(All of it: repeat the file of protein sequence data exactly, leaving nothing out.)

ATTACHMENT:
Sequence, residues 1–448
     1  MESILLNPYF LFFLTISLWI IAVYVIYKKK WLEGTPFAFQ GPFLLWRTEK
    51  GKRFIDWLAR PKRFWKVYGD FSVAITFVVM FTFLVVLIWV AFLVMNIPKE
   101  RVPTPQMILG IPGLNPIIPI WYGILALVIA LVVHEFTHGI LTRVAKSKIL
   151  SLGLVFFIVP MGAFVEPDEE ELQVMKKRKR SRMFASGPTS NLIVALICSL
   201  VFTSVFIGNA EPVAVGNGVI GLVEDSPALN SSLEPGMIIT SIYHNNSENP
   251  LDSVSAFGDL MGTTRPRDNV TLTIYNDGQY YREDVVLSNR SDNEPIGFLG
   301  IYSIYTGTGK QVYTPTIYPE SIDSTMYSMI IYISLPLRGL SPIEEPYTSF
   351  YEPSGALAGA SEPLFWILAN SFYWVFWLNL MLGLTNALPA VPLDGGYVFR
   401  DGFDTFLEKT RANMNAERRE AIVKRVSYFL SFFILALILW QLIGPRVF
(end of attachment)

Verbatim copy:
Sequence, residues 1–448
     1  MESILLNPYF LFFLTISLWI IAVYVIYKKK WLEGTPFAFQ GPFLLWRTEK
    51  GKRFIDWLAR PKRFWKVYGD FSVAITFVVM FTFLVVLIWV AFLVMNIPKE
   101  RVPTPQMILG IPGLNPIIPI WYGILALVIA LVVHEFTHGI LTRVAKSKIL
   151  SLGLVFFIVP MGAFVEPDEE ELQVMKKRKR SRMFASGPTS NLIVALICSL
   201  VFTSVFIGNA EPVAVGNGVI GLVEDSPALN SSLEPGMIIT SIYHNNSENP
   251  LDSVSAFGDL MGTTRPRDNV TLTIYNDGQY YREDVVLSNR SDNEPIGFLG
   301  IYSIYTGTGK QVYTPTIYPE SIDSTMYSMI IYISLPLRGL SPIEEPYTSF
   351  YEPSGALAGA SEPLFWILAN SFYWVFWLNL MLGLTNALPA VPLDGGYVFR
   401  DGFDTFLEKT RANMNAERRE AIVKRVSYFL SFFILALILW QLIGPRVF